BRPKp110-GFP tumor cells (4 × 105) were implanted s.c. into CD2-dsRed mice. Tumors were harvested on days 21/22 and embedded in 2% low-melting-point agarose (Lonza). Three 100 to 200 μm slices were cut at room temperature with a 51425 Tissue Slicer (Stoelting), placed in RPMI-1640 without phenol red (Gibco), and left untreated or treated with anti-CD49a (clone Ha31/8) or anti-CD49b (clone HMα2, BD Biosciences, both 10 μg/mL) for 2 hours. Slices were mounted in a heating chamber with circulating oxygenated (bubbling 95% oxygen and 5% CO2) RPMI-1640 without phenol red at a flow rate of approximately 2 mL/min and imaged using a Leica TCS SP8 two-photon microscope with a 25X water-immersion lens (0.9 Numerical Aperture) and a Coherent Chameleon laser at 880 nm/25 mW or below. Fluorescence was detected using a 565 nm dichroic mirror with 450/50 nm [for second harmonics generation (SHG) detection], 525/50 nm (for GFP detection), and 620/60 nm (for dsRed detection) emission filters. A 78 to 84 μm z-stack (3 μm step size) was collected every minute for 30 minutes, alternating between two fields every 30 seconds. Video image analysis was performed using Imaris (Bitplane) and MATLAB (Mathworks) software as described (38). T cells tracked for ≥10 minutes were used to obtain speed and interaction data. “Contact” interactions were defined as a minimum of 2 time points at <1 μm, whereas “sustained interactions” were defined as ≥10 minute at <1 μm.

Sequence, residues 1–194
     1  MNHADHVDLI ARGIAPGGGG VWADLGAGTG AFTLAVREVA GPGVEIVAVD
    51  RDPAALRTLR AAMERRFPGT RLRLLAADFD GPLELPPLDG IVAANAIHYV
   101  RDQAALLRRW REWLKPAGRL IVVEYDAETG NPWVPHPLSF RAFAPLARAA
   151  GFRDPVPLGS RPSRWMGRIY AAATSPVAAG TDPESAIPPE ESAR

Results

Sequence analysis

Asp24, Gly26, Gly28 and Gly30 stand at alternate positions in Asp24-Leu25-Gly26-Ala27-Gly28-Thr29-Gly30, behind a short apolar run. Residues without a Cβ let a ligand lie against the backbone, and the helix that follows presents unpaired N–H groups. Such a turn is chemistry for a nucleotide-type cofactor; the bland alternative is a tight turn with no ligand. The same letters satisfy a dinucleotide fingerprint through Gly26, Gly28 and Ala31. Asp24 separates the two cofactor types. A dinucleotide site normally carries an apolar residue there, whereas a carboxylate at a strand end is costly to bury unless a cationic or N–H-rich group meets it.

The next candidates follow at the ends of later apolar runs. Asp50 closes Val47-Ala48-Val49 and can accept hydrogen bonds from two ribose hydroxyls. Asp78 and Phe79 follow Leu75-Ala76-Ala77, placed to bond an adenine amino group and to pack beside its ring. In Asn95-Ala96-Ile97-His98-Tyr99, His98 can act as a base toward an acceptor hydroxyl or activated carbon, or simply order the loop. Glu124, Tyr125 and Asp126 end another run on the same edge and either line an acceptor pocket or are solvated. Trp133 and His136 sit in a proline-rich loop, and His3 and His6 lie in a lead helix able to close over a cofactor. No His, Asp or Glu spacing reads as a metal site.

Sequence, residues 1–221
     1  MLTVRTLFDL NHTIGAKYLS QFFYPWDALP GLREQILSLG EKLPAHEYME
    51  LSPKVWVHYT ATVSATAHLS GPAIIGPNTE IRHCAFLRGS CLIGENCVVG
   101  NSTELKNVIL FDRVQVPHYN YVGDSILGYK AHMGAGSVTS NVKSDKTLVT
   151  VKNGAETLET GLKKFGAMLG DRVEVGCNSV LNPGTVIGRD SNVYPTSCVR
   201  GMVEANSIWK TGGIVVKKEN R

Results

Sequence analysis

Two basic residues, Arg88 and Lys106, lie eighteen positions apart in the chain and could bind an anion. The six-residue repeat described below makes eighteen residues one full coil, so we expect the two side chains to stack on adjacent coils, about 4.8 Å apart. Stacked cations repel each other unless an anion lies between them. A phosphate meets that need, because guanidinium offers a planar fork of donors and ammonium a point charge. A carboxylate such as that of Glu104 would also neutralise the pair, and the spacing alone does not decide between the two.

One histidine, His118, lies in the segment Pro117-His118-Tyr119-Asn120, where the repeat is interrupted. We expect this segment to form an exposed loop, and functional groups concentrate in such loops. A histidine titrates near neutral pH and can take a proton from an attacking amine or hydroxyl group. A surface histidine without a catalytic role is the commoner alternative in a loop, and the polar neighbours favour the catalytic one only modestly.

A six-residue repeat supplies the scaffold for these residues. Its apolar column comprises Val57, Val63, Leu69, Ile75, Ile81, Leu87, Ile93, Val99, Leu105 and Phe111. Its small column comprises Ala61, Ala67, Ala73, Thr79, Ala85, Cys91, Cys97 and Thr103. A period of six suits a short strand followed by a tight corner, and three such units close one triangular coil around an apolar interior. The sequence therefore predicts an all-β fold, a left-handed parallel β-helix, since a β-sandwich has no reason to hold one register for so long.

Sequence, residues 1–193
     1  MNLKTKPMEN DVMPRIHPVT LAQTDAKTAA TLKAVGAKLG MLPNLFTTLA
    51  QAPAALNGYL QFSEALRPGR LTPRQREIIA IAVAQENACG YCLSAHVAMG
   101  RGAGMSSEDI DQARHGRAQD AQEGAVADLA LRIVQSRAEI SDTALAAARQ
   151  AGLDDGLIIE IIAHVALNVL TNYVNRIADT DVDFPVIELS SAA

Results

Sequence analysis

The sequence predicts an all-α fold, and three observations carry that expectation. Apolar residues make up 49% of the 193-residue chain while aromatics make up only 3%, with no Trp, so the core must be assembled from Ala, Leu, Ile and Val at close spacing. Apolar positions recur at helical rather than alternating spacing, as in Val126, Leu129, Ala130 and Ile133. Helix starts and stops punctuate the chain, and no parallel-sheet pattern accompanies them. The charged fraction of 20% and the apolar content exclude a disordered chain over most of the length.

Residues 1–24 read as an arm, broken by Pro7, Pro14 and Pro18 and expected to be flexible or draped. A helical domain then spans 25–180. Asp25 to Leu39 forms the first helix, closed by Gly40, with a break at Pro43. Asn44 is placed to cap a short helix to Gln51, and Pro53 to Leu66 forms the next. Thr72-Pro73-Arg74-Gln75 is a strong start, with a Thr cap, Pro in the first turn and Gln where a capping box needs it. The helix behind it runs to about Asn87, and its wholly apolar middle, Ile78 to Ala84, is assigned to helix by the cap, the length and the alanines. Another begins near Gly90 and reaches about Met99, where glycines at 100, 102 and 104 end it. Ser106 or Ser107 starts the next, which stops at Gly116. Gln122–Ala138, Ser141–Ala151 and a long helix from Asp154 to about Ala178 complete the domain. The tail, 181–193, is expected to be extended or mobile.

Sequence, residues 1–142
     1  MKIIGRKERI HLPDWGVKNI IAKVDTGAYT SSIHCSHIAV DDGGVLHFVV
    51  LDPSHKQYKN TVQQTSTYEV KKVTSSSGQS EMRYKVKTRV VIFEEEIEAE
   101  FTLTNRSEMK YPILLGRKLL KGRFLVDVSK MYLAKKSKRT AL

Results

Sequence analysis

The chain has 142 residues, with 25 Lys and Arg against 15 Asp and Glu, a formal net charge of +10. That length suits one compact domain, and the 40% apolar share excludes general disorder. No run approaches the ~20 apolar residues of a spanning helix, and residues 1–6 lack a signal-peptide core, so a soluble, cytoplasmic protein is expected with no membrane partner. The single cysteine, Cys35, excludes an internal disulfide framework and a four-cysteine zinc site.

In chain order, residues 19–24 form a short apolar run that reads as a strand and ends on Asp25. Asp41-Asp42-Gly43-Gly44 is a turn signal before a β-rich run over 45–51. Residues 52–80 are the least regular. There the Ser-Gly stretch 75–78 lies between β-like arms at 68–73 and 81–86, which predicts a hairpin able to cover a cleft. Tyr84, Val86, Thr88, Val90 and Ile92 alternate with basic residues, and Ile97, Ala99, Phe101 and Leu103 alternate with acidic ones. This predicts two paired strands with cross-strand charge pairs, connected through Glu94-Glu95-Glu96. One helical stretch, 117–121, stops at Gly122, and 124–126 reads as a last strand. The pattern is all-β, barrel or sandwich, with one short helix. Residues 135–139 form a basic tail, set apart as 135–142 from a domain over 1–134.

Integrin-expressing subpopulations enumerated by flow cytometry were compared using a repeated-measures one-way ANOVA with Tukey multiple comparisons test. Time points and treatment groups were compared using a Welch corrected t test. For live image analyses, all evaluated T-cell spots in individual slices from two tumors per treatment group were combined, and groups were compared using a one-way ANOVA with Tukey multiple comparisons test.
CD49a+ and CD49b+ CD8+ T-cell subpopulations in B16 melanoma and BRPKp110 breast tumors